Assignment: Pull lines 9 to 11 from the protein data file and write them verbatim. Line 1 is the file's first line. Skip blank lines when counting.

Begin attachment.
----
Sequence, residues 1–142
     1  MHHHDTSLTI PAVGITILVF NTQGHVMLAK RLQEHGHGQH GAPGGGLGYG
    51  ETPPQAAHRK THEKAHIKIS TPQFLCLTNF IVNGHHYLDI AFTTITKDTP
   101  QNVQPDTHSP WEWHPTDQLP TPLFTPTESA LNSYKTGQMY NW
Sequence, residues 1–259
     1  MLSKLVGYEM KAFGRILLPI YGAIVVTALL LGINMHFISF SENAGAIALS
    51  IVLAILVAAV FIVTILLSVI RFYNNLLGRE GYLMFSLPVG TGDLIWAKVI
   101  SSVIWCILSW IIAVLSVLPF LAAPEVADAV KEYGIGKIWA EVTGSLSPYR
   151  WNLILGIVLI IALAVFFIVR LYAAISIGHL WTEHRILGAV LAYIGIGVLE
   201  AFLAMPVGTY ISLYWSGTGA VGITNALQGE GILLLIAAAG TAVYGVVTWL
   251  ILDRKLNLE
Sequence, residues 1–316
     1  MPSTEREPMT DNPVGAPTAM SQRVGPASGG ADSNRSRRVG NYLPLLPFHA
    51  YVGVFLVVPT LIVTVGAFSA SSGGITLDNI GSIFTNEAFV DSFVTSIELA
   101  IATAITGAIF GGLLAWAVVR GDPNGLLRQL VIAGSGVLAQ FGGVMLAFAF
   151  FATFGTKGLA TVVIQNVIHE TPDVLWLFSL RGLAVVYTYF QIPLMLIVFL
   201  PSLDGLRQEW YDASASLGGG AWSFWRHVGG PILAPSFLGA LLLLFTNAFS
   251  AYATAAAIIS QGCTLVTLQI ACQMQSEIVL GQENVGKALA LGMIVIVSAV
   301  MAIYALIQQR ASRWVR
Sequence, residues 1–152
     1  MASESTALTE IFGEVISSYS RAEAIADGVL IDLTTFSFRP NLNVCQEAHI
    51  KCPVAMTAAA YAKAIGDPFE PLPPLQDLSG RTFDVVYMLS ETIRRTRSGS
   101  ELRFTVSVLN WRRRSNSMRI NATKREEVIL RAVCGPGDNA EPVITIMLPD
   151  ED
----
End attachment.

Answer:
   151  WNLILGIVLI IALAVFFIVR LYAAISIGHL WTEHRILGAV LAYIGIGVLE
   201  AFLAMPVGTY ISLYWSGTGA VGITNALQGE GILLLIAAAG TAVYGVVTWL
   251  ILDRKLNLE